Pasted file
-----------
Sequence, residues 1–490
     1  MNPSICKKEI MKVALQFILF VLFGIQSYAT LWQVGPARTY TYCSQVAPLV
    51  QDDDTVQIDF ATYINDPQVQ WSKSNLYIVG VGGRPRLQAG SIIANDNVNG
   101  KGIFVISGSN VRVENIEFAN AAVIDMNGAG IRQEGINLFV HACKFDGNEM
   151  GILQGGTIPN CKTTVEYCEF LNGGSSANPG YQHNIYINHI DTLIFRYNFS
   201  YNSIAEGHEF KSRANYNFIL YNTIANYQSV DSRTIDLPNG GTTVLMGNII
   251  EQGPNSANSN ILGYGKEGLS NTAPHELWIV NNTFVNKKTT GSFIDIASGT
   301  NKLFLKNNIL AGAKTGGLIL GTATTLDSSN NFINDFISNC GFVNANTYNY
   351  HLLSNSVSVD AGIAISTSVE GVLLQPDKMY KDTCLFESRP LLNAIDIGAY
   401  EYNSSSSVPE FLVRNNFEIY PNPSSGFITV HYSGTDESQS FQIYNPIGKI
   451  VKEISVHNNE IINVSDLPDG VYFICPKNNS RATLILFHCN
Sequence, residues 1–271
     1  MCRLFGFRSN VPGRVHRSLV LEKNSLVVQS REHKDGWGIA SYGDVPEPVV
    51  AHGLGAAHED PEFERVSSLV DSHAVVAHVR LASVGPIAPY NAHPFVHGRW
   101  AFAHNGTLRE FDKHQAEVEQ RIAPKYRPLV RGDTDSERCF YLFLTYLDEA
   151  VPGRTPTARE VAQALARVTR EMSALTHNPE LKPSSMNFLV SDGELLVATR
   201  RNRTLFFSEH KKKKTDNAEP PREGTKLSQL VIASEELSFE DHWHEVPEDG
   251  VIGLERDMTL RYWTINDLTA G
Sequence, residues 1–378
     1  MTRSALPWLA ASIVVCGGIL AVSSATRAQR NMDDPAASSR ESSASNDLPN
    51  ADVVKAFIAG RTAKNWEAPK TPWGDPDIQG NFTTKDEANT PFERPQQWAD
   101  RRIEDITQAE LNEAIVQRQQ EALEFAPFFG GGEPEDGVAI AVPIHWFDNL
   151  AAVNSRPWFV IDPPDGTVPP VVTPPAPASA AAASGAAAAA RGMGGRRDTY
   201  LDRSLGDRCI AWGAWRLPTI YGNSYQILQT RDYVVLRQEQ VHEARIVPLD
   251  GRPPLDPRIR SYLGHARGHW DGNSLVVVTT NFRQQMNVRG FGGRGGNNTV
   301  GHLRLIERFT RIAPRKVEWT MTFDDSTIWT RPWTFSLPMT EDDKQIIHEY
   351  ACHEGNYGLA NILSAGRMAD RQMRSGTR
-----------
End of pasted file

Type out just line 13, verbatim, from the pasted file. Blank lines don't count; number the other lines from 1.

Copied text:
     1  MCRLFGFRSN VPGRVHRSLV LEKNSLVVQS REHKDGWGIA SYGDVPEPVV